Thorntown pastor retires but will still be around

Aug. 8—Glen Jewell finally has to time to go visiting on Sundays after 33 years as pastor of Thorntown Christian Church.

Jewell retired July 31, along with his wife, Kay, who also retired as the church secretary.

"We look forward to visiting some of our pastor friends at their churches," Glen said. "We haven't had that opportunity, except on special occasions."

Glen is the longest serving pastor of Thorntown Christian Church, having served 12 years longer than the previous record holder. "When you've been here 33 years, you develop deep ties and memories," he said.

Glen was known for visiting congregants in the hospital and for touching and meaningful funeral services, church member Cynthia Merrill said.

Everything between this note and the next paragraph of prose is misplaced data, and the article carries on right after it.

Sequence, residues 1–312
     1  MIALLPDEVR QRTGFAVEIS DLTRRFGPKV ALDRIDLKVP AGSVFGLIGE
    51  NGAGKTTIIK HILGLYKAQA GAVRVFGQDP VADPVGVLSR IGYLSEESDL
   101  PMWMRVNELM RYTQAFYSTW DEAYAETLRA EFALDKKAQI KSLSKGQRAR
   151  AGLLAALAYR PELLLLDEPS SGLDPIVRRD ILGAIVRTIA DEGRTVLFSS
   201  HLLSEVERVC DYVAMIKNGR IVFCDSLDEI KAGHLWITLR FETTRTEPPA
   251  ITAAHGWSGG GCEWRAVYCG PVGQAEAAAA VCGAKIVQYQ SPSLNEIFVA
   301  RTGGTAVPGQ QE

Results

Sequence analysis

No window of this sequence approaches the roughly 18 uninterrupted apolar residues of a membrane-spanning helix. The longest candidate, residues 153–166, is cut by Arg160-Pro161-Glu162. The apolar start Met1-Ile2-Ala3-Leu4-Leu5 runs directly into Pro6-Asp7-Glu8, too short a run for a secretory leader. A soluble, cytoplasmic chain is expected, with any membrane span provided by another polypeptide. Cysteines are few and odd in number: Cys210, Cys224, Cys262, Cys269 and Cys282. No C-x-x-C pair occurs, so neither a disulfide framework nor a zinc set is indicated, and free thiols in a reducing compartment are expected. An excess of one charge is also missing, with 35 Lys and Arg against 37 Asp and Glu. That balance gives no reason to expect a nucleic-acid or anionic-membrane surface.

Glen will miss visiting with congregants, leading the worship and teaching the Bible, he said.

Being modest, he didn't mention singing in the choir, but, "He has the most beautiful voice and was a very important part of the church choir for many years," Merrill said.

He and Kay live in rural Thorntown and intend to keep doing so. She is a hair stylist and volunteers with WAVE, a non-profit after-school program in Thorntown, while Glen is the WAVE president. He's also a member of Thorntown Kiwanis and the American Legion.

Merrill says it's no surprise that Glen is active in WAVE because he always enjoyed his Sunday children's sermons. "I'm sure the kids will always remember his love for them, even if they don't remember the point of his talks with them," Merrill said.

The Thorntown Christian Church congregation may not see much of the Jewells in church for a bit, as an interim pastor and congregants handle sermons and search for a new permanent pastor.

"We need to back away while they make the next transition," he said. "We'll visit Colfax, Jamestown, Dover and Lebanon. We'll stop in and see a lot of folks we've known over the years."

But Glen left an indelible mark on the congregation.

"As any pastor of a small-town church, he had to be a jack of all trades at times," Merrill said. "But he also always pushed others to become leaders."